North Carolina State University opens biotechnology training and education center


Raleigh, N.C.– Best-in-class commercial-grade technologies and equipment is being used for the first time in a pilot-scale training facility to train students in microbial fermentation and cell structure biotechnologies for the development of protein-based therapeutic drugs and commercial products.

The facility, called the Biomanufacturing Training and Education Center, or BTEC, employs ABB’s Industrial IT System 800xA Extended Automation technology, instrumentation, analyzers and variable speed drives to achieve continuous validation and precise, real-time control of the bioreactors for real-time release under strictly maintained and regulated conditions.

BTEC was built at North Carolina State University’s Centennial Campus in Raleigh, North Carolina to help educate students in manufacturing sciences, industry research, development and current Good Manufacturing Practices (cGMP) for one of the fastest growing industries in the 21st century. The 86,000 square foot pilot-scale facility, made possible with a grant of $35 million from the Golden Leaf Foundation, has the capacity to train 2,000 students and incumbent workers each year, including candidates from 44 community college locations within the state.

“As the biotech industry expands, much attention is being given to developing a skilled and experienced workforce in an industry where biomanufacturers are becoming increasingly risk adverse,” said Dr. Peter Kilpatrick, Director of the center. “Any errors in the full-scale process of culturing, isolating and purifying therapeutic proteins and enzymes used in the production of biopharmaceuticals due to inexperience could be very costly. These manufacturers want to hire engineers, scientists and technicians that have hands-on experience in the thoughtful and careful operation of these facilities.” Kilpatrick went on to say the experience at the BTEC facility would provide the student with this crucial incremental value, an invaluable asset in securing employment in this field.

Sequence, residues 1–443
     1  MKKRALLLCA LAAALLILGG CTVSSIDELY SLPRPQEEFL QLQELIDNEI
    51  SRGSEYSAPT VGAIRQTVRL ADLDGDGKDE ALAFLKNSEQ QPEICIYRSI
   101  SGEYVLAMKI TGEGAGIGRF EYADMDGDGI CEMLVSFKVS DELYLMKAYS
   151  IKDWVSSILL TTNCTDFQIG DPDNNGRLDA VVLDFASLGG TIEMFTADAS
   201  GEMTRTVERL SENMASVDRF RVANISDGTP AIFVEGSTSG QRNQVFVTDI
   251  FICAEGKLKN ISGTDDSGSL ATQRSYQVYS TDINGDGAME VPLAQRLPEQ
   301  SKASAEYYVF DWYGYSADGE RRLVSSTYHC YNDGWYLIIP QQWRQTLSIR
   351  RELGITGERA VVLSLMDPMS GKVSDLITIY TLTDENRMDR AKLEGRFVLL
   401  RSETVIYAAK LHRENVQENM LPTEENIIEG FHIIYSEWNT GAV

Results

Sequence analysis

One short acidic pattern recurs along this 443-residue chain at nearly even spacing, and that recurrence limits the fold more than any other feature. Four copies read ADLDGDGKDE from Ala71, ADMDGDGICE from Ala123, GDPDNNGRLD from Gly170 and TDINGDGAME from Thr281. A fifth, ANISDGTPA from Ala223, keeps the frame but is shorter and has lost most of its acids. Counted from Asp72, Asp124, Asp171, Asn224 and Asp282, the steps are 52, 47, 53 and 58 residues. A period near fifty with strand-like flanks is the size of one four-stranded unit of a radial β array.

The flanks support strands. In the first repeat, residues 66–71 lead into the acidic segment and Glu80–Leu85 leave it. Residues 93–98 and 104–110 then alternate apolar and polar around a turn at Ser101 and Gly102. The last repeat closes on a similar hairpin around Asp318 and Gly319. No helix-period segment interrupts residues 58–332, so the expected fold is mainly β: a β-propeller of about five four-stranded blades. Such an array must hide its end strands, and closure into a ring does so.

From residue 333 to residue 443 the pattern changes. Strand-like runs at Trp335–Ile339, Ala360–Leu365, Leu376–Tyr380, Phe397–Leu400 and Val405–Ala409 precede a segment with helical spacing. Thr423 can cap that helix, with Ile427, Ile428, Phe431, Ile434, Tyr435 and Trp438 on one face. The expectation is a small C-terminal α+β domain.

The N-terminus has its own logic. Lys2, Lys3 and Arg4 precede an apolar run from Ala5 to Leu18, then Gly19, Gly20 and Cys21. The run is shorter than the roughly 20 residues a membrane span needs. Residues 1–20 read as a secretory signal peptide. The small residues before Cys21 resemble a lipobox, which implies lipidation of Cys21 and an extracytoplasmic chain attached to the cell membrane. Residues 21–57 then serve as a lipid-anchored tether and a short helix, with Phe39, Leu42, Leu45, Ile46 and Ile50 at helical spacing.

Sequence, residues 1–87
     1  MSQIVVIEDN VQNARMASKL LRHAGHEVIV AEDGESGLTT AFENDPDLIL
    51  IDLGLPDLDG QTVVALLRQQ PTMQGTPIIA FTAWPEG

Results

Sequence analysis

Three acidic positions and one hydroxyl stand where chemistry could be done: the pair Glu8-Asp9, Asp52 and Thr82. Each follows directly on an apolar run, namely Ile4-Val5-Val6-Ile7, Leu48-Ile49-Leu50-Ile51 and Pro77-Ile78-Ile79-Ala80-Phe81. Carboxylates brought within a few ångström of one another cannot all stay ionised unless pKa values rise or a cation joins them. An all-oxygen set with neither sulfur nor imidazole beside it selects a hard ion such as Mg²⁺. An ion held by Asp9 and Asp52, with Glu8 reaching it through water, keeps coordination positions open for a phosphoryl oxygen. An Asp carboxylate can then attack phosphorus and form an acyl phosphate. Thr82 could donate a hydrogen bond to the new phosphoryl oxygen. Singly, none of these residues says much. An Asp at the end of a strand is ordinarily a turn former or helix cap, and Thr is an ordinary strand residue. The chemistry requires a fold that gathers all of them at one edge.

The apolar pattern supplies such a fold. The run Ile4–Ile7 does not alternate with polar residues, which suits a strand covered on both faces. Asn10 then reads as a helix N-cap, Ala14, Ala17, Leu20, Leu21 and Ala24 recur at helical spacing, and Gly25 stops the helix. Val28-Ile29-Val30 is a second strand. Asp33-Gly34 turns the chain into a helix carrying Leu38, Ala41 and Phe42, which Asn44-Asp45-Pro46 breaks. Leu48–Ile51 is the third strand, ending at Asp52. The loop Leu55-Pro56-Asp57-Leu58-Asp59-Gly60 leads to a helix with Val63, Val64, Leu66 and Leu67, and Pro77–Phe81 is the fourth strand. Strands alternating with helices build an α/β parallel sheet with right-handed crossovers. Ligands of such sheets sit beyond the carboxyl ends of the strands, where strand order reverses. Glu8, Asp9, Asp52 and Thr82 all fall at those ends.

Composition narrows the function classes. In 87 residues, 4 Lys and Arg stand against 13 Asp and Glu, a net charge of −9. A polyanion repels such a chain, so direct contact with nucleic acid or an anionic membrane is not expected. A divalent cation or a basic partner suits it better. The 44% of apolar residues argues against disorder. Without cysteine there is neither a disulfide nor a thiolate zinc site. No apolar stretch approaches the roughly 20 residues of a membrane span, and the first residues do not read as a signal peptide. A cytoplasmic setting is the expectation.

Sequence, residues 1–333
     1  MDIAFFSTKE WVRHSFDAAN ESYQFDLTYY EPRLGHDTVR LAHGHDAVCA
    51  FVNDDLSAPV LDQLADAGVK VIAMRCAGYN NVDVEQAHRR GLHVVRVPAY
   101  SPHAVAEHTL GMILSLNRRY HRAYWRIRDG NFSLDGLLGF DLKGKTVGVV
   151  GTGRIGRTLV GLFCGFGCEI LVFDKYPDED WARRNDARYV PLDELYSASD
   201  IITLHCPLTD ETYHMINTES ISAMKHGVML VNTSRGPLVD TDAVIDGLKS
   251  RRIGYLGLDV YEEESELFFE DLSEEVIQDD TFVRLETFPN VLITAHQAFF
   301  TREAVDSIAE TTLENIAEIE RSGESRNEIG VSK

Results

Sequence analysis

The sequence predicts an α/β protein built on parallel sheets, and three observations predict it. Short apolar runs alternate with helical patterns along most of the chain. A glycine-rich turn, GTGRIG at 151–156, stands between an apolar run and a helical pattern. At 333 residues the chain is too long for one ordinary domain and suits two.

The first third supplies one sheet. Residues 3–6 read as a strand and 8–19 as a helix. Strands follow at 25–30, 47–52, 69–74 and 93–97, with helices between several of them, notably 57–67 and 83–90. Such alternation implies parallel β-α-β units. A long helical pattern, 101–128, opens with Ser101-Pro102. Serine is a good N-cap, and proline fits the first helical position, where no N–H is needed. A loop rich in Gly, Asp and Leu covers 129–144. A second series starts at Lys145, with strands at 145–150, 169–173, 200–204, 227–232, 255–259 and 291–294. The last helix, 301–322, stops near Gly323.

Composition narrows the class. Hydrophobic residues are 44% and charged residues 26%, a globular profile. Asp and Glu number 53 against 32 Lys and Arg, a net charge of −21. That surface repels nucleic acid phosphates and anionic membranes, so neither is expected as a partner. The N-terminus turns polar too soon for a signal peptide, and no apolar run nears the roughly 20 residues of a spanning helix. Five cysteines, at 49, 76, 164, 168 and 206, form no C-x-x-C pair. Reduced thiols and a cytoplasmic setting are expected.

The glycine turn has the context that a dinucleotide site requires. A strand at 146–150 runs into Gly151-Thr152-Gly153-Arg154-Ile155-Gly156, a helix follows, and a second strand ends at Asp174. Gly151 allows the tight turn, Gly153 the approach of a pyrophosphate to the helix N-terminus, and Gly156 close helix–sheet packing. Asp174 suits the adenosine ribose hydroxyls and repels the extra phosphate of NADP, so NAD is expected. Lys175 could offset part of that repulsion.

Greg Scheu, Senior Vice President and Regional Division Manager of Automation Products, noted that along with expansion comes competition. “Biomanufacturers will need to focus on process optimization and develop centers of excellence through capacity planning and reducing time to market by shortening cycles – all while reducing the cost of goods. Crucial to this is data management through real-time data retrieval and recording keeping for faster validation of the batches and control of the bioprocesses under strictly maintained and regulated conditions. ABB is pleased that its Industrial IT System 800xA Extended Automation technology was selected as best-in-class to accomplish this for the BTEC facility.”    

Since its introduction in January 2004, more than 3,100 System 800xA solutions have been sold in a wide variety of industries worldwide. System 800xA enables the complete integration of plant automation, front-end stock control, packaging, distribution and data management in real time to enhance operational efficiency by delivering both cost savings and process optimization. The solution also provides the ability to monitor the complete plant floor, product lines and shop floor processes along with all building management functions. This sets the standard for providing Real Time Product Release for life science manufacturers.

ABB is not new to the biotechnology field. In 1985 its MOD 300 control system, serial number 1, was used in the production of the first biotech enzyme. This enzyme causes water to freeze at 35 degrees F. It continues to be used at ski slopes and resorts throughout the country.

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